In Villa Vicenza Homeowners Association v. Nobel Court Development, LLC, (— Cal.Rptr.3d —-, Cal.App. 4 Dist., May 27, 2010), a California Court of Appeal considered whether a homeowners association was bound to arbitrate its claim for construction defects against a developer where the developer had placed an arbitration clause in a recorded declaration of covenants, conditions and restrictions. The Court of Appeal held that, in light of the California Supreme Court’s 2005 ruling restricting pre-litigation jury trial waivers, a declaration of covenants, conditions and restrictions is “not an effective means of obtaining an agreement to arbitrate a homeowners association’s construction defect claims against a developer.”
Nobel Court Development, LLC (“Nobel”) purchased an apartment complex and converted the apartments into condominiums. Nobel recorded a declaration of covenants, conditions and restrictions (“CC&Rs”) which created the Villa Vicenza Homeowners Association (“Association”). The CC&Rs require Association and condominium owners to arbitrate any claims they may have against Nobel. Nobel transferred the ownership of the common areas and facilities to Association by deed, for no consideration.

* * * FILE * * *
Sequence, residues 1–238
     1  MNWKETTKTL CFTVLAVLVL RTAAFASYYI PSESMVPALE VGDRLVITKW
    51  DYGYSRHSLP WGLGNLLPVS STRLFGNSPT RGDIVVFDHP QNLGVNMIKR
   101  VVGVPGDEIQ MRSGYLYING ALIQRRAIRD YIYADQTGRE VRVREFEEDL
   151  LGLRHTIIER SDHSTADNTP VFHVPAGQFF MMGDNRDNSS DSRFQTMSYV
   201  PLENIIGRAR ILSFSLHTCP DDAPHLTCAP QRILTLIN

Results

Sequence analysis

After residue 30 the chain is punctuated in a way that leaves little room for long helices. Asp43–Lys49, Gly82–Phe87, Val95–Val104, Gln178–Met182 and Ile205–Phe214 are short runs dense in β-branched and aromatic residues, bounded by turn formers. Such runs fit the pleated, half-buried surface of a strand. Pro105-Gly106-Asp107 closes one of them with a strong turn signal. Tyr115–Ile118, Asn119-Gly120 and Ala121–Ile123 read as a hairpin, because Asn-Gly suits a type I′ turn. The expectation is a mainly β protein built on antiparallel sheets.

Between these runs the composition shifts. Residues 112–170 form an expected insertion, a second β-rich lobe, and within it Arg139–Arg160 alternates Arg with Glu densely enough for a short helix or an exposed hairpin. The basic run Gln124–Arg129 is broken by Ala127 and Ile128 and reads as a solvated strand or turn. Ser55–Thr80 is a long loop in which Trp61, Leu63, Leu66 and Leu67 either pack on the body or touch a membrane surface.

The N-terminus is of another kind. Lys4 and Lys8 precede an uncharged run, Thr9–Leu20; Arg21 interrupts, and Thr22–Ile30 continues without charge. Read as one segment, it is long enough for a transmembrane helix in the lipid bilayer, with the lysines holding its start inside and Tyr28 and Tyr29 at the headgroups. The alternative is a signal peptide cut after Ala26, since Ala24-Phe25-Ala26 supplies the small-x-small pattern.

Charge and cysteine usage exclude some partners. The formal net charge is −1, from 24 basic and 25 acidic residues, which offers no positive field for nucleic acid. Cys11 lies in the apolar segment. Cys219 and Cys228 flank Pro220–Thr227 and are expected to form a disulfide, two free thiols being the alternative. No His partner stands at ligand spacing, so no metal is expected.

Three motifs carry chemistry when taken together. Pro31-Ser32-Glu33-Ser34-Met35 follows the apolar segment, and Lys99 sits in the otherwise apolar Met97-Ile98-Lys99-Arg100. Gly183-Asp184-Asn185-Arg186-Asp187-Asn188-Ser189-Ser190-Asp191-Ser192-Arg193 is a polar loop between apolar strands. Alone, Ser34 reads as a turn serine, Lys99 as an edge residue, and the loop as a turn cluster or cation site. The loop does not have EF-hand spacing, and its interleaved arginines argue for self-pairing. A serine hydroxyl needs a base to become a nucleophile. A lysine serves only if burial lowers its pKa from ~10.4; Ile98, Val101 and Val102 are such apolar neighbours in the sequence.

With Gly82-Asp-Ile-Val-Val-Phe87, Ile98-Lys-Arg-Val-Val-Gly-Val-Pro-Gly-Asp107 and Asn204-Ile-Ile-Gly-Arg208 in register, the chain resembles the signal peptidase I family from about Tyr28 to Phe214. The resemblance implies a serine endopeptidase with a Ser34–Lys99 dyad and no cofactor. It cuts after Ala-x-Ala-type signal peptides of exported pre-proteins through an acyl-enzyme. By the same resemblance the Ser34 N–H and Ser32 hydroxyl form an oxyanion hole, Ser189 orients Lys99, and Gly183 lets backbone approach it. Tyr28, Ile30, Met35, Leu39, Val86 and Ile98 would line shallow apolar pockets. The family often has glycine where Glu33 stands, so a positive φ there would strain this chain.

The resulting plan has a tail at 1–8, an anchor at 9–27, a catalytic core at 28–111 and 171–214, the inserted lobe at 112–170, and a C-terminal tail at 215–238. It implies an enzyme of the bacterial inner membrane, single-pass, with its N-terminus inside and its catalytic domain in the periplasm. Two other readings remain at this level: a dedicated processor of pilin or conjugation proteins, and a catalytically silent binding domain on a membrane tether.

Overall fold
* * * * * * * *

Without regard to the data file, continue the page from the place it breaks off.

The condominium owners brought a derivative action on behalf of Association against Nobel and alleged there were defects in the common areas and that Nobel failed to provide reserve funds in a sufficient amount to repair the defects. Association also filed a cross-complaint against Nobel for breach of express and implied warranties, strict liability, and negligence. Nobel filed a motion to compel arbitration but the trial court denied the motion for all claims except the breach of express warranty claims. Nobel appealed from the trial court’s decision.
The court found that while California law and federal law favor enforcement of agreements to arbitrate, “neither federal nor state law countenance imposition of arbitration where no agreement to waive judicial remedies exists.” The Court of Appeal found that no agreement to arbitrate existed in this case, where the arbitration requirement was imposed by the project developer in the CC&Rs without the actual approval of the homeowners or the Association. The court also found that the developer, as a non-owner, had no enforcement rights under the CC&Rs.